Director: Just Jaeckin; Writer: Jean-Louis Richard, from the novel by Emmanuelle Arsan
With Alain Cuny, Sylvia Kristel, Marika Green, Christine Boisson
"X Was Never Like This," the newspaper ads proclaimed when this French sexcapade opened at Manhattan's Paris Theatre in late 1974. In the brief era of porno chic, when films with hard-core sex were drawing millions of the curious into movie houses (no video back then), the soft-core, soft-focus adventures of Dutch ingenue Sylvia Kristel made a quiet sensation, and millions of dollars for Columbia, a major studio taking a fling in a flirtation with sexual explicitness. (One scene, of a Thai dancer blowing cigarette smoke out of an unexpected orifice, was cut from some U.S. prints.) Back then, the melange of exotic locations and acres of nakedness seemed both daring and soothing. These days a late-night viewer can't turn on Cinemax or Showtime without getting turned on, Emmanuelle-style. The standard set pieces of TV erotica sex in an airplane, the night-club striptease, the Sapphic caresses, the whole kitten caboodle come straight from this movie.
The film, directed by first-timer Jaeckin, had a few distinguished abettors. Scripter Richard, who had written The Bride Wore Black and Day for Night with François Truffaut, got no screen credit on Emmanuelle but did negotiate 8% of the profits. Another Truffaut alum, Claudine Bouché, served as editor. The male star was Alain Cuny, who had played romantic leads in top French films of the 40s and the suicidal philosopher Steiner in Federico Fellini's international hit La Dolce Vita. But it was Kristel, a 21-year-old model with a pretty face and an evident pleasure in displaying her slim, luscious figure, who closed the deal. Veteran stunner Marika Green (aunt of current European screen siren Eva Green) and teenage Christine Boisson added to Emmanuelle's unabashed allure.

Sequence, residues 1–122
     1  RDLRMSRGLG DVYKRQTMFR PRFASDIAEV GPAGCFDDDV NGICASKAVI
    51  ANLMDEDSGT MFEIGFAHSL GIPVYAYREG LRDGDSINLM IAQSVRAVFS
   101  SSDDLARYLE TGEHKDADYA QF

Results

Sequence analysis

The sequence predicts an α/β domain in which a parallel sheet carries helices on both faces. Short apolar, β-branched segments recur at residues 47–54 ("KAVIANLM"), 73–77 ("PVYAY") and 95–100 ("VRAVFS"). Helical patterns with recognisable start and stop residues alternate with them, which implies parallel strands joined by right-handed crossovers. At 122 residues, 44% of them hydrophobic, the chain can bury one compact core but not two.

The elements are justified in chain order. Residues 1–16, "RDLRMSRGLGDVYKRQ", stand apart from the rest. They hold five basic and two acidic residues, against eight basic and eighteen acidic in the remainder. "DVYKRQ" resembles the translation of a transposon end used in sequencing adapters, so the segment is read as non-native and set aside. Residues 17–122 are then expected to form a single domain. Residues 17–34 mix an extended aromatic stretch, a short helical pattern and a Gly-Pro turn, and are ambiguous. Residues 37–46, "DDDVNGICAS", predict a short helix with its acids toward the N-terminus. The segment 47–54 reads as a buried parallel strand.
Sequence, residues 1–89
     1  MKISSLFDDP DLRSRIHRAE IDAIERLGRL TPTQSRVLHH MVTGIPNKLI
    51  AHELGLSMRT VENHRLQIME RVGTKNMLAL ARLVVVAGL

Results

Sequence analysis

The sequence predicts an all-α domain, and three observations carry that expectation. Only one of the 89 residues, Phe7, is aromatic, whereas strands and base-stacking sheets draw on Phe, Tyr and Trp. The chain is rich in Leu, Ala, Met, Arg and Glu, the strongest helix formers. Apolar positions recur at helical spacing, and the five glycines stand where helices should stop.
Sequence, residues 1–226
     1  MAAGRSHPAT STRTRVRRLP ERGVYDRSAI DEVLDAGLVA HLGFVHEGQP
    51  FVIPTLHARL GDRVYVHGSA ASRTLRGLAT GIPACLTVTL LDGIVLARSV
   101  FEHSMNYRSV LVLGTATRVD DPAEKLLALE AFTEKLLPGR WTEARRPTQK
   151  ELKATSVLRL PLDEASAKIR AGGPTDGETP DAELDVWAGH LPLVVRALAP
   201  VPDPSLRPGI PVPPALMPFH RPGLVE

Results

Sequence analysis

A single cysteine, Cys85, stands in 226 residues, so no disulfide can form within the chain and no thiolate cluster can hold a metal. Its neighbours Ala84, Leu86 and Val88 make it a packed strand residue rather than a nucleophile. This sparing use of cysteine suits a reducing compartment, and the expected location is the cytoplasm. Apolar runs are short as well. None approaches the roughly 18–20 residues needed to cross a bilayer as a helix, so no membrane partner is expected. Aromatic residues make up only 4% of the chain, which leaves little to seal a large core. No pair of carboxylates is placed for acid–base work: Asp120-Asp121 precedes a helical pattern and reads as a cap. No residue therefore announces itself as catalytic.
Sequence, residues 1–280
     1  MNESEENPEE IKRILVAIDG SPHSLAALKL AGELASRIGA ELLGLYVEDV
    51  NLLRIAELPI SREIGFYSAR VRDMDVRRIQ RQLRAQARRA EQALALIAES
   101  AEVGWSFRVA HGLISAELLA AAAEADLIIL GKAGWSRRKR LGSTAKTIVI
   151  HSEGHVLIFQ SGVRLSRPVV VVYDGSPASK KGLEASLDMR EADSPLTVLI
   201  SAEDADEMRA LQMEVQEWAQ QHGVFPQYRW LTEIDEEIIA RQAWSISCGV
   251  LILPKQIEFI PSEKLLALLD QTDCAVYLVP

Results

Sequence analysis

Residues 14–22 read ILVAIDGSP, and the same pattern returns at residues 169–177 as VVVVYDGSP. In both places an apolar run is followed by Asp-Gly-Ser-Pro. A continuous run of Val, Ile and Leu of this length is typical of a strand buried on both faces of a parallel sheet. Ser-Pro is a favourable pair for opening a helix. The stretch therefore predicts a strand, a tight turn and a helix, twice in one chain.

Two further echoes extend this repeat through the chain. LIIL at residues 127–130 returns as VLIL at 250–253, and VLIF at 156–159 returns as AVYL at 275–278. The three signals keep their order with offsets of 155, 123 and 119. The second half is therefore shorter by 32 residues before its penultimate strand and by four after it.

The film was a huge hit in France, running for 11 years in one Champs Elysées theater, and duplicated its success in the States. That the movie was in French (a language Kristel didn't speak) only added to its panache for American moviegoers who still looked to France as the repository of sexual elegance. Emmanuelle spawned two official sequels with Kristel, and at least 50 low-budget ripoffs, from the Laura Gemser Black Emmanuelle to Las Orgías inconfesables de Emmanuelle from legendary sub-basement Spanish auteur Jess Franco.
In a 54 min. extra, An Erotic Success: The Making of Emmanuelle, the prime tale-tellers are Bouché and Richard Suzuki, the cinematographer who also served as second-unit director and, in a horse-riding long shot, stunt double for Mlle. Kristel. They detailed the tyro director's difficulties putting tender passion on film, the antagonism Cuny provoked on the set and the concerns expressed by producer Yves Rousset-Rouard. It's an informative little testament to filmmaking serendipity. It might even be true.
The argument made in the 70s that Emmanuelle was an expression of feminist erotic liberation isn't so persuasive now. The heroine spends much of her time being bossed around (and in one scene sexually brutalized) by her husband, her girlfriends and Cuny. She's at best a very willing slave. And as Bouché notes, the movie was not very good, but it purveyed a "soft and chic eroticism. It looked like those posh magazines with photographs of nude women." So if, today, Emmanuelle has the nostalgic naughtiness of an old, dog-eared copy of Playboy, it also has Kristel and those other lovely women, still young and animated, taking their pleasures for the delectation of viewers who want to keep in touch with their adolescent erotic dreams.